AA’s 12 Steps are widely criticised, but a new study proves that participation in the "Steps" and its systems increase chances of long-term sobriety by over 200%!

Alcoholics Anonymous (AA) has been helping millions of people get and stay sober since the 12 Steps, and the ‘Big Book' were created in 1935. Despite the positive results, however, the organisation and the 12 Steps addiction treatment method have been widely criticised, especially in recent years. Some say that AA should not talk about God. Others believe that it has no scientific standing. And others believe that abstinence should not have to be ‘the only way.'

Back in 1935, the founders of AA classified alcoholism as a disease – albeit without any scientific evidence. In 1956 the American Medical Association (AMA) also classified alcoholism as a disease – this time with scientific evidence. And earlier this year, in 2014, researchers at DePaul University's Center for Community Research in Chicago, U.S.A., found some compelling evidence that the AA programme, used in conjunction with clinical inpatient rehab, does indeed deliver desirable results for addicts.

A group of 150 participants who had just completed inpatient rehab programmes were categorised into two sections. Those who were “categorically involved” in AA, meaning they met the four main criteria for the programme: doing service work, having a sponsor, reading the literature and calling other members for help – and those who were not “categorically involved”.

The study found that after two years, those who were “categorically involved” were 2.8 times more likely to be abstinent from drugs and alcohol than those who were not involved. At The Cabin Chiang Mai, we use the 12 Steps as part of our evidence-based clinical treatment programme along with Cognitive Behavioural Therapy (CBT), to an extremely high degree of success.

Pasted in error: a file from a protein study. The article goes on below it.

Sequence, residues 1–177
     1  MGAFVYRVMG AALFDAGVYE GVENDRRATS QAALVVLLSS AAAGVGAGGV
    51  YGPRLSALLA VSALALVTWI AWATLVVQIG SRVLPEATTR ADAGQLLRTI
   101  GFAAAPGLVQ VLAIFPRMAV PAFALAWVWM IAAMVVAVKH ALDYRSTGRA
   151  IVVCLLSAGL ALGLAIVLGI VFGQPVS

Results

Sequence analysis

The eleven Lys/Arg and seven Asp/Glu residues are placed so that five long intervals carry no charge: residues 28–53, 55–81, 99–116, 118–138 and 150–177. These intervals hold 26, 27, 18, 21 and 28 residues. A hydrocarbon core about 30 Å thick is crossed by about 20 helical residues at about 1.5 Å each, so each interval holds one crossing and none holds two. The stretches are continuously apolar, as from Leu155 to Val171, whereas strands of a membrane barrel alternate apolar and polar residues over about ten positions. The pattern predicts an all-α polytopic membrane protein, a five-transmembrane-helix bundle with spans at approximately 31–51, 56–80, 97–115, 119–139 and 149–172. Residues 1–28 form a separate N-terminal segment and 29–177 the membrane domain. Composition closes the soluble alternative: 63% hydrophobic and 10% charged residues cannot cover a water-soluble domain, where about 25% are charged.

CBT is a modern, evidence-based psychology, which focuses mainly on the way that negative thinking affects the way we feel and behave. Conditions such as addiction create mental and emotional disturbance, and can be treated by learning strategies and techniques to think rationally and positively. And by juxtaposing 12 Step concepts with CBT concepts, we can offer an explanation of how these two methods can work together to keep addicts healthy and free from their addiction-based impulses and behaviours.

Below, you will find a chart used in our treatment programme which gives an explanation of how the 12 Steps are used with CBT to combat the chronic disease of addiction.

As you can see, the 12 Steps offer a psychological pathway to free an addict from the addiction compulsions that keep them unhealthy, and keep them addicted. In this way, it is easy to see a more scientific explanation of why these steps do work.

At Shafa Home, we are secular in the way of religion, but it is important to understand that addiction goes beyond your own personal power. Someone with diabetes cannot be finitely cured of the disease, but through a strict diet, and medical regiment they are able to control the disease in a way that it has the least impact on their life. Such as with addiction, an addict needs to understand that addiction is a chronic disease, and that by following a certain lifestyle and regiment of meetings, outreach and constant self-work, they can keep their disease at bay.